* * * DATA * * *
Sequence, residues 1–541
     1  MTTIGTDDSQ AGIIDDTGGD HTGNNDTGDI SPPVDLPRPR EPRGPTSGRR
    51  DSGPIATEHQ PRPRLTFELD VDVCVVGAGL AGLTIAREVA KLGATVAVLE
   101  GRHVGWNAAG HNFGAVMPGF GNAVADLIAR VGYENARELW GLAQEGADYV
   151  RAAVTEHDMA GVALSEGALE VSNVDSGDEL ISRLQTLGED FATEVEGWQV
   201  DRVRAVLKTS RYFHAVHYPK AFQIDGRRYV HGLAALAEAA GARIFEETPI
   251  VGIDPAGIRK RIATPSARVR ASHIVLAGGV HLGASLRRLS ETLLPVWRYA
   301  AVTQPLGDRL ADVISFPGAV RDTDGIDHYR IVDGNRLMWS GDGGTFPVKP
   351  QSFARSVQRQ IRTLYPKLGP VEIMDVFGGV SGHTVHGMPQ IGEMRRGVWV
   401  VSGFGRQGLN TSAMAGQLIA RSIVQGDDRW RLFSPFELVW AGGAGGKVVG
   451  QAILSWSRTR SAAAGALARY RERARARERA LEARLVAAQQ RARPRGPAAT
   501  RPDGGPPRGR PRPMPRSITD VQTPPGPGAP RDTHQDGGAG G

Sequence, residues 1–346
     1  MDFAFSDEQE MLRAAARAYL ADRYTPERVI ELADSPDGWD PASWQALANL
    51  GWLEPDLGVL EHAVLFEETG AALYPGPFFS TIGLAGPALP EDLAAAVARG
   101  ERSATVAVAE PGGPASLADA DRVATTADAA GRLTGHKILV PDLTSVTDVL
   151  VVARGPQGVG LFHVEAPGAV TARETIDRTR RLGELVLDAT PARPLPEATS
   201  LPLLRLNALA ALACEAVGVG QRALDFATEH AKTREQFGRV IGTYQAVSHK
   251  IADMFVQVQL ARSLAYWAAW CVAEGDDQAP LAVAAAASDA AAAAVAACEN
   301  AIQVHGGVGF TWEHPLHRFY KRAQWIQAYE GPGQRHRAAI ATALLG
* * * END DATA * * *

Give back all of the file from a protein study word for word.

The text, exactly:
Sequence, residues 1–541
     1  MTTIGTDDSQ AGIIDDTGGD HTGNNDTGDI SPPVDLPRPR EPRGPTSGRR
    51  DSGPIATEHQ PRPRLTFELD VDVCVVGAGL AGLTIAREVA KLGATVAVLE
   101  GRHVGWNAAG HNFGAVMPGF GNAVADLIAR VGYENARELW GLAQEGADYV
   151  RAAVTEHDMA GVALSEGALE VSNVDSGDEL ISRLQTLGED FATEVEGWQV
   201  DRVRAVLKTS RYFHAVHYPK AFQIDGRRYV HGLAALAEAA GARIFEETPI
   251  VGIDPAGIRK RIATPSARVR ASHIVLAGGV HLGASLRRLS ETLLPVWRYA
   301  AVTQPLGDRL ADVISFPGAV RDTDGIDHYR IVDGNRLMWS GDGGTFPVKP
   351  QSFARSVQRQ IRTLYPKLGP VEIMDVFGGV SGHTVHGMPQ IGEMRRGVWV
   401  VSGFGRQGLN TSAMAGQLIA RSIVQGDDRW RLFSPFELVW AGGAGGKVVG
   451  QAILSWSRTR SAAAGALARY RERARARERA LEARLVAAQQ RARPRGPAAT
   501  RPDGGPPRGR PRPMPRSITD VQTPPGPGAP RDTHQDGGAG G

Sequence, residues 1–346
     1  MDFAFSDEQE MLRAAARAYL ADRYTPERVI ELADSPDGWD PASWQALANL
    51  GWLEPDLGVL EHAVLFEETG AALYPGPFFS TIGLAGPALP EDLAAAVARG
   101  ERSATVAVAE PGGPASLADA DRVATTADAA GRLTGHKILV PDLTSVTDVL
   151  VVARGPQGVG LFHVEAPGAV TARETIDRTR RLGELVLDAT PARPLPEATS
   201  LPLLRLNALA ALACEAVGVG QRALDFATEH AKTREQFGRV IGTYQAVSHK
   251  IADMFVQVQL ARSLAYWAAW CVAEGDDQAP LAVAAAASDA AAAAVAACEN
   301  AIQVHGGVGF TWEHPLHRFY KRAQWIQAYE GPGQRHRAAI ATALLG